Assembly is tough. I can rebuild the short side of an engine from a watercooled VW in about 4 hours. The flat six engine has approximately 100,000 o-rings many of which are installed in locations that cannot be gotten to replace without a complete tear down of the engine. I did things in stages. Cleaning was first, then I assembled the crankshaft and rods and laid them in the case. The case halves went together the next time out. Following that milestone, I waited for the cylinder heads to come back. The one with the bent valve also had a broken valve guide boss. It was probably usable, but the way I drive the car, and the investment I was making led me to search for a new head. I found a couple of heads, on separate occasions and had them shipped out to me. Each time they were junk. The valve guides were shot, and the valves were sunk into the heads beyond repair. They even had broken fins. No one knows how to package parts without breaking the fins it seems. The third head was perfect, and Steve at Headwerks here in Minneapolis delivered a set of heads that were so well done that I immediately felt I had to show other people on the internet what they looked like.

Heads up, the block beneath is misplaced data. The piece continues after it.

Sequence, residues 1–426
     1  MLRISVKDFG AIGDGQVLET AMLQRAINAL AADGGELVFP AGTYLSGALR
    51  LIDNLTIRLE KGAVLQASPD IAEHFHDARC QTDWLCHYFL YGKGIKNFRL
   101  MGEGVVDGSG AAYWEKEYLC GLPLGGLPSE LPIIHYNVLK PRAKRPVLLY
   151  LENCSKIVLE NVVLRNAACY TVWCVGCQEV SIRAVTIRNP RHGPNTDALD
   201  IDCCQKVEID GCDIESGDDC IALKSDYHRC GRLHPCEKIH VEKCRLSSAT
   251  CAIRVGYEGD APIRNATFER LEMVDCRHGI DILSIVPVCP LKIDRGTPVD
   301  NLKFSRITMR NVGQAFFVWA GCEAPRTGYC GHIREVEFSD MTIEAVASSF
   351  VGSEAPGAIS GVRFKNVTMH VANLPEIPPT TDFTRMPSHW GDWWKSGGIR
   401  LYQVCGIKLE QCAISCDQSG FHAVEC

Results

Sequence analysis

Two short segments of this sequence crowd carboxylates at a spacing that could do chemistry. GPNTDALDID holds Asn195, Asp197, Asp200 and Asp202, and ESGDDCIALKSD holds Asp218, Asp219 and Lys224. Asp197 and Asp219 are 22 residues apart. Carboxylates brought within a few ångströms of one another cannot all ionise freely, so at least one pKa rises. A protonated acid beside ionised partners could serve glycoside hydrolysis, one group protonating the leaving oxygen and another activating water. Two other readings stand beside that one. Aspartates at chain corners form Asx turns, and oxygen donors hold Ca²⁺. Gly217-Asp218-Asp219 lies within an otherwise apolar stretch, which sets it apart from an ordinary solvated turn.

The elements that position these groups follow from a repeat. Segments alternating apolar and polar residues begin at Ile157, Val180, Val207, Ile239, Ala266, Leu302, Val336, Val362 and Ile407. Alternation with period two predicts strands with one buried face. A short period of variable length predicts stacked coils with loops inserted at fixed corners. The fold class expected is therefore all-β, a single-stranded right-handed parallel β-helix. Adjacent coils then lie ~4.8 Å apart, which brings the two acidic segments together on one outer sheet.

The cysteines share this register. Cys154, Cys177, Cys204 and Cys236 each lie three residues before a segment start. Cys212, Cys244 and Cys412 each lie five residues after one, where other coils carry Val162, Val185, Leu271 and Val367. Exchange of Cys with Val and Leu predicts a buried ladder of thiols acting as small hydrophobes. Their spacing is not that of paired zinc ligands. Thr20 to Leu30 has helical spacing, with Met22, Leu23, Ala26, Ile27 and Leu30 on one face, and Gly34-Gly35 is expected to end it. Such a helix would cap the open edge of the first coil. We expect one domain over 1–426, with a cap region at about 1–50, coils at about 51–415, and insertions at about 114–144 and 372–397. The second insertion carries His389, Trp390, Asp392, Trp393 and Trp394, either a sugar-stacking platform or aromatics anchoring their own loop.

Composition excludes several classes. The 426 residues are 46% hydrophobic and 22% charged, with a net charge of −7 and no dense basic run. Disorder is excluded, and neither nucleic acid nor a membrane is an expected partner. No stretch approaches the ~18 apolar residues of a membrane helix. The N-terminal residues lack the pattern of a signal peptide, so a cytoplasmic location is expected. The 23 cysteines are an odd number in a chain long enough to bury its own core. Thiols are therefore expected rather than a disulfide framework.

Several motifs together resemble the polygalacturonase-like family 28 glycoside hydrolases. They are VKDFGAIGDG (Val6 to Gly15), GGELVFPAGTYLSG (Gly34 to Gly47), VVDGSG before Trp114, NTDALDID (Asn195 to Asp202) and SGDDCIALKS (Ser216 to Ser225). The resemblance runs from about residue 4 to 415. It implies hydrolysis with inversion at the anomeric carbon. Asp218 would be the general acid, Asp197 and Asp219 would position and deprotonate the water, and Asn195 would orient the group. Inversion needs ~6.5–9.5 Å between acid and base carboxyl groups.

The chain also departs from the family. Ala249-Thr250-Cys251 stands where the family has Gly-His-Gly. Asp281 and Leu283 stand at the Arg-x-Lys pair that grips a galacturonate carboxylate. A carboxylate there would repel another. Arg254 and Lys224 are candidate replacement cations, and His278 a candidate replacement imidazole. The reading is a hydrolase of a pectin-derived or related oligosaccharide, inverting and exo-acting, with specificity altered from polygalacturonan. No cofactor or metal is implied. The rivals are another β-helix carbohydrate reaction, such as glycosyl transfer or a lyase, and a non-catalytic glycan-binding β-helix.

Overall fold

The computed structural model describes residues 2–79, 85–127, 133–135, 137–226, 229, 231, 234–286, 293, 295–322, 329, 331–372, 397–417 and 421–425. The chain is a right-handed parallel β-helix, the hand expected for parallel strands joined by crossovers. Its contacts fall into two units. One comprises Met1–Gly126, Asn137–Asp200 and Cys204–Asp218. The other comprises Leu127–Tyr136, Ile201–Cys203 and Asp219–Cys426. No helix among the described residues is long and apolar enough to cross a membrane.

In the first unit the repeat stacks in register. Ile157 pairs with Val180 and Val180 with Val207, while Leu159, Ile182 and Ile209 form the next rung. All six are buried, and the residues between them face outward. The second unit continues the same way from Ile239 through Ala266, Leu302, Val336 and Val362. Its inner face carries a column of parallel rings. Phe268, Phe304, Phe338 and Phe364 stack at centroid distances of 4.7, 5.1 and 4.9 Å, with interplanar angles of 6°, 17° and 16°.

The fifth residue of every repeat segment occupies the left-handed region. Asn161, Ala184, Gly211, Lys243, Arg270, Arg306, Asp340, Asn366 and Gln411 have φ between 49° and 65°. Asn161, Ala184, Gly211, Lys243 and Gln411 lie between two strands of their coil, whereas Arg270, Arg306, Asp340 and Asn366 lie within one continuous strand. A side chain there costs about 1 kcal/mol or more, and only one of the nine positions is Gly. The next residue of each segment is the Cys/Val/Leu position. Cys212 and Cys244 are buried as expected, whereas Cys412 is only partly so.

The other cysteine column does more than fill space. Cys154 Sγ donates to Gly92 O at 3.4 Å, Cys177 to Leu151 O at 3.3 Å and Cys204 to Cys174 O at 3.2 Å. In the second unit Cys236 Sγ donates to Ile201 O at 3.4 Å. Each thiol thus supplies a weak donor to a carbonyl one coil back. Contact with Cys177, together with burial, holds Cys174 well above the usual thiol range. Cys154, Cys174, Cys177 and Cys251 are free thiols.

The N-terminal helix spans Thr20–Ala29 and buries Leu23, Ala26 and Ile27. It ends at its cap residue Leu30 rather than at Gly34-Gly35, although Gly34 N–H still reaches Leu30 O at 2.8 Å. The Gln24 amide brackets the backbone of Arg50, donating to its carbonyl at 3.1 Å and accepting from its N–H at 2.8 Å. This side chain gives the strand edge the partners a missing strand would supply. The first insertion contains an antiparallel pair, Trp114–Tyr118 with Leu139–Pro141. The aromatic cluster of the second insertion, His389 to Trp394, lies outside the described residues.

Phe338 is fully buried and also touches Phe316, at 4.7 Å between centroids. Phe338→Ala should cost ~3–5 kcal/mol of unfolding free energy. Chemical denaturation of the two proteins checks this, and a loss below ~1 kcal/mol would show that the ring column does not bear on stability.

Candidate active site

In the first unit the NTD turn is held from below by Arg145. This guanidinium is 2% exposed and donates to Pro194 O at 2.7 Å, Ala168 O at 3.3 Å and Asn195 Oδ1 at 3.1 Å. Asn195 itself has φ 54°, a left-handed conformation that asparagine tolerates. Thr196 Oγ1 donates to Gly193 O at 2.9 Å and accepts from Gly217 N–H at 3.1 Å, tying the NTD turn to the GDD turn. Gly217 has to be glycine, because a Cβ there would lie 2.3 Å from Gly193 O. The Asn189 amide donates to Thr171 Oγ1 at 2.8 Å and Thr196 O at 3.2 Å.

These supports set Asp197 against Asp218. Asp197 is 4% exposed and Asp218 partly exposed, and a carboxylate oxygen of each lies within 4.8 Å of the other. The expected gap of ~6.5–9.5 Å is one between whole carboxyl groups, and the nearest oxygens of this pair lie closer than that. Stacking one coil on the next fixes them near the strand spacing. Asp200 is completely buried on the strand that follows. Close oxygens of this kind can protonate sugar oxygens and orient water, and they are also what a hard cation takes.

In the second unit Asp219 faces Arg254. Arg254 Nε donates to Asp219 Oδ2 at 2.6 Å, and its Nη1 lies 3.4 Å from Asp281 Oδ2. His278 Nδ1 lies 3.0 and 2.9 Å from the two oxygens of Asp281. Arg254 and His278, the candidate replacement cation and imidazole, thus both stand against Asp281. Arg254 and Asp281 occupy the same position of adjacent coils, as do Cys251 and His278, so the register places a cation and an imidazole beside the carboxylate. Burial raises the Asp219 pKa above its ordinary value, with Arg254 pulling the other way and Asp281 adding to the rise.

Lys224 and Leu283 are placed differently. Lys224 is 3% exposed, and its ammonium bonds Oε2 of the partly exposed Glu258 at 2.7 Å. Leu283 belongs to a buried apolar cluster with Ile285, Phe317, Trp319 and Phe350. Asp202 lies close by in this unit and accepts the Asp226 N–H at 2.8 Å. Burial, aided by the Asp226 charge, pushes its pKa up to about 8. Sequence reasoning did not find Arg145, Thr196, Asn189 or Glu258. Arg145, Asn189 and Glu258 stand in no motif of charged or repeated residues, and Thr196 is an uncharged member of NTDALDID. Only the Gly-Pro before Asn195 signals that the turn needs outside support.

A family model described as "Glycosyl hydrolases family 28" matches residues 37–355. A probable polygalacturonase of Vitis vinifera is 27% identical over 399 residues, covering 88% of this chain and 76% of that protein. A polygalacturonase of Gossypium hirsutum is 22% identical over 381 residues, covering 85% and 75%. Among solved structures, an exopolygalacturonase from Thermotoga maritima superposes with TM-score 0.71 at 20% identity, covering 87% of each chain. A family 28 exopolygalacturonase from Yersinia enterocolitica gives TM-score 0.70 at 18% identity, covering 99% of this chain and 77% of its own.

I found a set of overbored cylinders, and fitted them over the JE pistons I ordered. The compression ratio is 9.8:1. This makes the gas stations I can frequent a bit trying, but I wanted to get the most out of the engine without switching over to a twin plug set up. Engine Builder Supply here in the States was integral in helping me decide on what parts to buy. Valve springs, pistons, rings, cams, etc… They answered all my first timer questions without bother. Great folks over there. I went with a set of cams fairly close to what the 964 cars run. Since I was sticking to the factory CIS for driveability reasons, I was stuck on cam profile a bit. Too much overlap disturbs the metering plate and upsets the car especially at lower engine speeds. The good news is if I ever decide to put a different induction system on the car, I can pull out the cams without disassembling too far.